The Ghana Stock Exchange (GSE), says it is committed to upholding the highest of standards to ensure that only the best performing companies stay on the local bourse.
This follows the compulsory and in some cases voluntary delisting of about 8 companies from the Ghana Stock Exchange since 2017.
While companies like Mechanical Lloyd and PZ Cussons voluntarily delisted from the Ghana Stock Exchange, others like Pioneer Kitchenware, African Champion Industries, Golden Web, Transactions Solutions Ghana and UT Bank underwent compulsory delisting.
Commenting on the recent delistings in an interview with Citi Business News, Deputy Managing Director of the GSE, Abena Amoah, explained that the local bourse was focused primarily on protecting the interest of investors as well as prioritizing the development of an enabling environment for listed businesses to thrive and for delisted companies to return after they have put their houses in order.
“We are here to ensure that investors are protected and to ensure that companies that raise capital from the market meet their obligations. We will always work with the companies towards meeting their financial reporting obligations, but if they consistently default we will facilitate their delisting, and give them an opportunity to correct any anomalies and return to any of our markets, be it the main market, the Ghana Alternative Market (GAX) or the Ghana Fixed Income Market (GFIM).”
On the decline in the Ghana Stock Exchange Composite index (GSE-CI) which reflects the average performance of shares of listed companies, Madame Abena Amoah called on local and international investors to develop a long-term view when it comes to investing in companies on the Ghana Stock Exchange in order to reap the inherent benefits.
The GSE-CI at the end of the second quarter of 2020 witnessed a 12 per cent drop.
But according to the Deputy Managing Director, the drop in share price valuation of companies does not necessarily always reflect poor performance, hence the need for investors to have confidence.
“Today at the GSE, we are even stronger now than we were 10 years ago when we didn’t have the debt market. So as an investor, when you come into our market you have the opportunity to invest in debt or invest in equities. Many times we chase only the short-term gain without keeping an eye on the long-term benefit. In the short-term prices can drop, it doesn’t mean the company is a bad company, it just means that it’s an opportunity to buy shares at a cheaper rate than you would on a normal day. For sure the same way prices go down they would go up,” she intimated.
Companies urged to strengthen corporate governance systems
The increasing number of companies delisting from the Ghana Stock Exchange (GSE) has been attributed to the failure of the companies to deliver dividends as well as share price appreciation.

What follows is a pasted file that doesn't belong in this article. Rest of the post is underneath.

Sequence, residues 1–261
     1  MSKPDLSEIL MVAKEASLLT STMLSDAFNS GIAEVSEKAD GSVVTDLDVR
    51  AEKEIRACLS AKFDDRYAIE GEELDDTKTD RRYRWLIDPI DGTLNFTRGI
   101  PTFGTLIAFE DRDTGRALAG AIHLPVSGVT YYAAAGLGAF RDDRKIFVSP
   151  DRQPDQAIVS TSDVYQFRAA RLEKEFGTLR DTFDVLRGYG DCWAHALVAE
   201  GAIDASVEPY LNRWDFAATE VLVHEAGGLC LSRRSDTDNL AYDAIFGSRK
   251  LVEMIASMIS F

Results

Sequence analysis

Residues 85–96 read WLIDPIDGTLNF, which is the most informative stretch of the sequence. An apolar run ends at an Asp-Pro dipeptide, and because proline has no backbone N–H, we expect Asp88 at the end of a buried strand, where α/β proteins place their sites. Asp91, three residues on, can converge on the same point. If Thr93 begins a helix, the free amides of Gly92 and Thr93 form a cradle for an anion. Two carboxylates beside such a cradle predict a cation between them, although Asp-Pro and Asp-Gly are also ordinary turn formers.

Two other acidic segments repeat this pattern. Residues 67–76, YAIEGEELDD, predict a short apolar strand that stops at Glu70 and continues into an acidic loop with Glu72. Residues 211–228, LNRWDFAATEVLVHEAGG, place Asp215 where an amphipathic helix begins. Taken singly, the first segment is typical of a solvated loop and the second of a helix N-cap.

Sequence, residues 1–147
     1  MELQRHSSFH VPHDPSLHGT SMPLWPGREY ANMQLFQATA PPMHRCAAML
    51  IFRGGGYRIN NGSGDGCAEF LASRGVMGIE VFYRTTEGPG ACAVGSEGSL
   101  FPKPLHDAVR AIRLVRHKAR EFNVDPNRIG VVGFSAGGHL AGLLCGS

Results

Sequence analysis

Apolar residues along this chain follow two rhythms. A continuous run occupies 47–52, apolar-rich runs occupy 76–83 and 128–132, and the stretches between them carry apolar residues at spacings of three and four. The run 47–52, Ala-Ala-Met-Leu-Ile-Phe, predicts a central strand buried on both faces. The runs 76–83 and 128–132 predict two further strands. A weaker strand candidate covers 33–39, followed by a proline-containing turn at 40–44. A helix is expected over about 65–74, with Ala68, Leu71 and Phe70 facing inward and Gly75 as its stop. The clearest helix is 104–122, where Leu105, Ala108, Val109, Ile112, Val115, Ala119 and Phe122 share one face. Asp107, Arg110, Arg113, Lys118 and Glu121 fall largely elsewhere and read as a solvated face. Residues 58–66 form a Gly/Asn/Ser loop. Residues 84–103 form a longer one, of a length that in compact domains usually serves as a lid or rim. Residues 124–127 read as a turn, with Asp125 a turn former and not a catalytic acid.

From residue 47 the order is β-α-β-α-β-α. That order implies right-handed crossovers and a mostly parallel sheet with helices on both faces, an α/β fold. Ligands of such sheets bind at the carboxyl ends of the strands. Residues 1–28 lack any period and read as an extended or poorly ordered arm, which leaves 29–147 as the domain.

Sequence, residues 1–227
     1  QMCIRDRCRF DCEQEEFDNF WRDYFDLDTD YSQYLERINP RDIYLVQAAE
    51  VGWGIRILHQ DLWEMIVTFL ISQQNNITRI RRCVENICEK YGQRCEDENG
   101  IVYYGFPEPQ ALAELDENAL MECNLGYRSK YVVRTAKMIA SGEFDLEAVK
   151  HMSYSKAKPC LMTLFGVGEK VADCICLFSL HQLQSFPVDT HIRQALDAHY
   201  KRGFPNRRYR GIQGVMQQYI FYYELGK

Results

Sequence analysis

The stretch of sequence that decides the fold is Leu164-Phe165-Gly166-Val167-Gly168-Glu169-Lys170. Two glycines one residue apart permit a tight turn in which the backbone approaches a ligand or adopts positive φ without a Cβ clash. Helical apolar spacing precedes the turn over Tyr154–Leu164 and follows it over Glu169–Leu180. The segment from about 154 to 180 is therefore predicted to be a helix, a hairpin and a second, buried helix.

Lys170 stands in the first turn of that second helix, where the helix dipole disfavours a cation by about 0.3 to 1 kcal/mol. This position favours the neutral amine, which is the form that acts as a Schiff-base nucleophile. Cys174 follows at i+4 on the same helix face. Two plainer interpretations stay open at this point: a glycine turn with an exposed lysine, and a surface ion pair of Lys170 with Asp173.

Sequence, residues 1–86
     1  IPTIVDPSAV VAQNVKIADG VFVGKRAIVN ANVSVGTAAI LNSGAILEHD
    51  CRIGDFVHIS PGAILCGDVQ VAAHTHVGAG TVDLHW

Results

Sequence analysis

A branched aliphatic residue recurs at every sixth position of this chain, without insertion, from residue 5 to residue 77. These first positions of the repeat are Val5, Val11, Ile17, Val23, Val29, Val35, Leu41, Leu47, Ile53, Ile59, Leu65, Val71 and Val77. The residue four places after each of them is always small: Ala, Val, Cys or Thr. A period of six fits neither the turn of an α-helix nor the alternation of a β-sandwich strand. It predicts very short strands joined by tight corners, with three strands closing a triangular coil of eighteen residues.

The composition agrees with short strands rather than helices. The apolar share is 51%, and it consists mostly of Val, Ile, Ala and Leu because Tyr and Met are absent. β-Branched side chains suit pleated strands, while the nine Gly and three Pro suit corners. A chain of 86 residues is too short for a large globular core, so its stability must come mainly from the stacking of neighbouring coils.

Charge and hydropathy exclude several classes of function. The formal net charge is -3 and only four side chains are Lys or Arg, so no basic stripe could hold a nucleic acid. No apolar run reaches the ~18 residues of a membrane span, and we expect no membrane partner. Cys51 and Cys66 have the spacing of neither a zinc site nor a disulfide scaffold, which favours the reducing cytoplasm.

That’s according to the head of Research at Databank, Alex Boahen.
Speaking on the recent delistings from the local bourse, Alex Boahen, attributed the situation to a plethora of issues including the poor performance of the companies.
“The reason why investors invest in companies is because they want the companies to be profitable so that they can pay dividends to them. They want their share prices to actually appreciate on the market so that they can make capital gains when they sell their stock. But if you look at it, recently these companies have actually failed to deliver both dividends and also share price appreciation, and it stands to reason that when it gets to a point, it’s probably in the interest of the shareholder and investor community for these companies to actually go off the market so that they can leave the public spotlight and then they can re-strategize and when things actually improve they can always come back and apply and list on the market again,” he explained.
While encouraging the about 30 companies still on the local bourse to strengthen their corporate governance systems as well as improve their operations in order to avoid being delisted, Alex Boahen also advised other businesses to consider listing on the Ghana Alternative Market, GAX, to avoid the strict compliance standards of the main market.
Valuation of consumer stocks decline by as much as 56% on Ghana Stock Exchange
Food and consumable sector stocks performance on the Ghana Stock Exchange were significantly poor for the first half of 2020 compared with their performance in the same period in 2019.
All the three food and consumable sector stocks on the local bourse– Guinness Ghana Breweries, Unilever Ghana and Fan Milk –as of June 2020, had declined in their valuation by 31, 14.7 and 25 percent respectively.
Over the same period last year, that is January to June of 2019, Guinness Ghana Breweries witnessed no decline, while Unilever Ghana and Fan Milk declined in their valuation by 0.7 and 37.5 percent respectively.
The poor valuation of the food and consumable sector stocks has been attributed to poor financial and operational performance.